I borrow this phrase from Frithjof Schuon, the author of Understanding Islam, though not from this particular book, but from The Transcendent Unity of Religions.
The above is a text of a lecture delivered at the Islamic Cultural Centre, London, England by Dr. Martin Lings. The lecture was later published in Ilm magazine, Volume 10, Number 1, December 1985, pages 3-8, from which the text has been published with minor edits. The editor of this Website had the privilege of meeting Dr. Lings at the Iraqi Cultural Centre on Tottenham Court Road, London, in the late 1970′s. On that occasion, Dr. Lings spoke on Islamic Art and made numerous references to the magnificent collection of Prince Sadruddin Aga Khan (17 January, 1933 – 12 May, 2003).
About the author: Martin Lings, also known as Abu Bakr Siraj Ad-Din, (January 24, 1909 – May 12, 2005), was an English Sufi Muslim writer and scholar, and a leading member of the “Traditionalist” or “Perennialist” school whose work centered on the relationship between God and man through religious doctrine, scripture, symbolism, literature, and art. Born in Lancashire, England, he took a degree at Oxford in 1932, and his interest in Islam and in Arabic took him to Egypt in 1939. In 1952 he returned to England and took a degree in Arabic at London University. From 1970-74 he was Keeper of Oriental Manuscripts and Printed Books at the British Museum, where he was in special charge of the Qur’anic manuscripts, amongst other treasures, from 1955. As well as his expertise in the field of Islamic studies, Lings had a gift for expressing complex truths from numerous spiritual traditions in simple language, and he authored essays and books of unusual delight and beauty combined with scholarly and intellectual rigor. He is most likely best known for his writings on Islam and its esoteric tradition, Sufism, in which he demonstrated a comprehensive knowledge of the Qur’an and traditional Sufi metaphysics, as well as a deep interest in universal symbolism. Among his many works, What is Sufism? became an authoritative source for both mystical doctrine and method. HRH The Prince of Wales once remarked that he was privileged to know him because “[Lings] saw beneath the surface of things and helped us penetrate the veil behind which lies the sacred meaning to so many of life’s mysteries.” Dr. Lings died at the age of 96, and his funeral took place in May 2005 in his own beloved garden in full spring bloom.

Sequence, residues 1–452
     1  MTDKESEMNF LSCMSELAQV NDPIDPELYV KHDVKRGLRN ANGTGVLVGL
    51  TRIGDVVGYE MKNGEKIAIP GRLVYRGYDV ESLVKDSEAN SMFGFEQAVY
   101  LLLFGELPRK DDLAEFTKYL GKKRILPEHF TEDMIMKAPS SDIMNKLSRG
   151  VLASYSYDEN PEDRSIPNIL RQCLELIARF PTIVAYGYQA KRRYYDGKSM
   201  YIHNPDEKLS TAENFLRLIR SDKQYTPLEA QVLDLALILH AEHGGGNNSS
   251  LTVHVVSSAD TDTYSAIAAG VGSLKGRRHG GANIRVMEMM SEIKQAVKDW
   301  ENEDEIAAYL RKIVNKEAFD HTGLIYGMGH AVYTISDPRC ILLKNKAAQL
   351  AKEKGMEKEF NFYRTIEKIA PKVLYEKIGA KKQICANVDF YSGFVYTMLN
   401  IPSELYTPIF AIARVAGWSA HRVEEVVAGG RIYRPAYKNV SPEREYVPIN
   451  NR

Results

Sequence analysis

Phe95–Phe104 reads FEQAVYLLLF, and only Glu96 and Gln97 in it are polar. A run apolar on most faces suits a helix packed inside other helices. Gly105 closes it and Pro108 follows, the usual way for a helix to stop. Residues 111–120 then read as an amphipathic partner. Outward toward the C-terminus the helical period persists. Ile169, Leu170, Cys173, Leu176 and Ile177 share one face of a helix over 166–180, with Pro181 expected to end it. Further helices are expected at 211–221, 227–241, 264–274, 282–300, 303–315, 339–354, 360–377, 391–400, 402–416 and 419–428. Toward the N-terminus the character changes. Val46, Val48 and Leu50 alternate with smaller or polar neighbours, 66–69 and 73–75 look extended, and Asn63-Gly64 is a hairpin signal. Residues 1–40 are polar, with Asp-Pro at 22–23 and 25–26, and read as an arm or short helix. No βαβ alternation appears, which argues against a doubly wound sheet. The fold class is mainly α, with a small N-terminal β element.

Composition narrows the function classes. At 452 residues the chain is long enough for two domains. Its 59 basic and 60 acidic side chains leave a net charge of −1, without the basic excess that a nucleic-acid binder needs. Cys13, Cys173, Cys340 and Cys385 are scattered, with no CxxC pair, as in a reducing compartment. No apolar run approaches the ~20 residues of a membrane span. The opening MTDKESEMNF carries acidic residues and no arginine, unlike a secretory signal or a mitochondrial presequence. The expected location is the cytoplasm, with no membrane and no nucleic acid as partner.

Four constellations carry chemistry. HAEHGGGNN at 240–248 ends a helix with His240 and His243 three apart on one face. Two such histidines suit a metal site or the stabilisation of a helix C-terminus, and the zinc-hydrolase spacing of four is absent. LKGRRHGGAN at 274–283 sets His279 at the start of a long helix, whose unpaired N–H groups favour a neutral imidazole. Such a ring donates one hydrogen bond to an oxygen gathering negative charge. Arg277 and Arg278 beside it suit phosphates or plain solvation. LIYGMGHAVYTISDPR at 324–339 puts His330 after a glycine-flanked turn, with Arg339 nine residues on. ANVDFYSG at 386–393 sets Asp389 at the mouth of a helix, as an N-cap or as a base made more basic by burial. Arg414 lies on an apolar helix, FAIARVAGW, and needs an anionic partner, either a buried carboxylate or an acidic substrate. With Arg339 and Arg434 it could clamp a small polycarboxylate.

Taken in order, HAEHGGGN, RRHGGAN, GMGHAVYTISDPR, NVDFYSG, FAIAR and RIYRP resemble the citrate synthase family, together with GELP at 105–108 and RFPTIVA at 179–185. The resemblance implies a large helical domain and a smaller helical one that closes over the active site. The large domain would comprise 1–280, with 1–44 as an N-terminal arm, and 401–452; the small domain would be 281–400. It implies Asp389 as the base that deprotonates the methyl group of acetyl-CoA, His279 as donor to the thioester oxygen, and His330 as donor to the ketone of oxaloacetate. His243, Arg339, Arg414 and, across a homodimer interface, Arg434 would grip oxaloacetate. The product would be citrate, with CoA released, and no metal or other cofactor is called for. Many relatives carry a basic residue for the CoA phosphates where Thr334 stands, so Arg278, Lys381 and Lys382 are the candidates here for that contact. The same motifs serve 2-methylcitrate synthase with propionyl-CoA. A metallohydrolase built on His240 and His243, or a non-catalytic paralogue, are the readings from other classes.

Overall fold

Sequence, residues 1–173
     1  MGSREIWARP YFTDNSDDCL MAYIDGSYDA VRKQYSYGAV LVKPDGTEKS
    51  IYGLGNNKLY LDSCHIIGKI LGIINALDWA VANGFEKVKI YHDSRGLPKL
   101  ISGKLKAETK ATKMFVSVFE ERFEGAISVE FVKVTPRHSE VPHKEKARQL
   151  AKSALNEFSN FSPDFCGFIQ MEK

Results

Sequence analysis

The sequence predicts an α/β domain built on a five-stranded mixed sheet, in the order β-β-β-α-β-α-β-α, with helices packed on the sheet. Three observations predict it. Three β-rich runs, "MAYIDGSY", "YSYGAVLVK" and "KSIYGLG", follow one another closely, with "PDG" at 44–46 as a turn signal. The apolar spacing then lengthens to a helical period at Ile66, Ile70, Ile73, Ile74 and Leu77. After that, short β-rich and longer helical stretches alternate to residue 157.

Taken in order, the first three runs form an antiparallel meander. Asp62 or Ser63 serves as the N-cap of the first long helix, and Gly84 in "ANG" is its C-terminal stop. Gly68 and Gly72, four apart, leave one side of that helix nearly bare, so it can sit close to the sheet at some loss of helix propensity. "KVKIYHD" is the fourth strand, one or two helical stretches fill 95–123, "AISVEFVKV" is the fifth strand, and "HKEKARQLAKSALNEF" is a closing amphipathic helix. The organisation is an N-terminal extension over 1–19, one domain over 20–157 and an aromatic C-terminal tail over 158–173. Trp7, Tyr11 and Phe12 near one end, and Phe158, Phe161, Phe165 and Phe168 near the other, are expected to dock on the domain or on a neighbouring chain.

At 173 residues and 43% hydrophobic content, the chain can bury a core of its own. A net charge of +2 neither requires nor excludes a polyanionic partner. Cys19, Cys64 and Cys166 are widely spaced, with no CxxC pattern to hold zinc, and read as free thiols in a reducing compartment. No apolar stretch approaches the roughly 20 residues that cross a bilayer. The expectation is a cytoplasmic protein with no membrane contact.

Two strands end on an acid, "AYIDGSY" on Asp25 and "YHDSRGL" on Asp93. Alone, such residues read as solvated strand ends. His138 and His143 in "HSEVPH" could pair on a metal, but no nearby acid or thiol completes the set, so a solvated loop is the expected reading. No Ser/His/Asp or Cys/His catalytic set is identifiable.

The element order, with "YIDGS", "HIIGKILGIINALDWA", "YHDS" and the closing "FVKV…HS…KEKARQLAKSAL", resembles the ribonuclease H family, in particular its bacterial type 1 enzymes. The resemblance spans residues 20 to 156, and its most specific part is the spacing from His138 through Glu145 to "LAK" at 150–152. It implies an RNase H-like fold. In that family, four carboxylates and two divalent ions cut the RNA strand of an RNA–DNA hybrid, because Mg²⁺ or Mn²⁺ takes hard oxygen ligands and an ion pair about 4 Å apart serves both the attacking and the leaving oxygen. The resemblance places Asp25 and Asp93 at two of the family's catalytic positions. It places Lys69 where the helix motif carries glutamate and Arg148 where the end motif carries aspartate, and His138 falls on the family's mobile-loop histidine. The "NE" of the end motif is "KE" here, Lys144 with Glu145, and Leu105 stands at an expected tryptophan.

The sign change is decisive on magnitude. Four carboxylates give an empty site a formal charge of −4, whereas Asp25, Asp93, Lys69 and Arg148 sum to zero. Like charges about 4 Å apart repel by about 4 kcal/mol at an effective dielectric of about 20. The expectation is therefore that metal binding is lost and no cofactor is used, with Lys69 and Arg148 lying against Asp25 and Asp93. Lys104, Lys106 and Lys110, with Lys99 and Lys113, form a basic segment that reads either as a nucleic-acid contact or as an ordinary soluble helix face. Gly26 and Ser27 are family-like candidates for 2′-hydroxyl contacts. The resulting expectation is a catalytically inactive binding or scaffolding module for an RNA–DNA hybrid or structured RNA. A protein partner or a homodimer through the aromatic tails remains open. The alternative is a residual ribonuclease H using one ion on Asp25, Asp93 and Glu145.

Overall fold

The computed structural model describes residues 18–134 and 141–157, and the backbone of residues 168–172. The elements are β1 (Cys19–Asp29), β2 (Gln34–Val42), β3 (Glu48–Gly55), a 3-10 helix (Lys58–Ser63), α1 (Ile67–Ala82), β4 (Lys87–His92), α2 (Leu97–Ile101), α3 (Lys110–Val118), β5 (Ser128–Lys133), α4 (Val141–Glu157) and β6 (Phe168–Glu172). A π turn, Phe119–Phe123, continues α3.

Please also read Martin Lings Obituary in The New York Times
Share this article with others via the share option below. Please visit the Simerg Home page for links to articles posted most recently. For links to articles posted on this Web site since its launch in March 2009, please click What’s New. Sign-up for blog subscription at top right of this page.
We welcome feedback/letters from our readers. Please use the LEAVE A REPLY box which appears at the bottom of this page. Your feedback may be edited for length and brevity, and is subject to moderation. We are unable to acknowledge unpublished letters.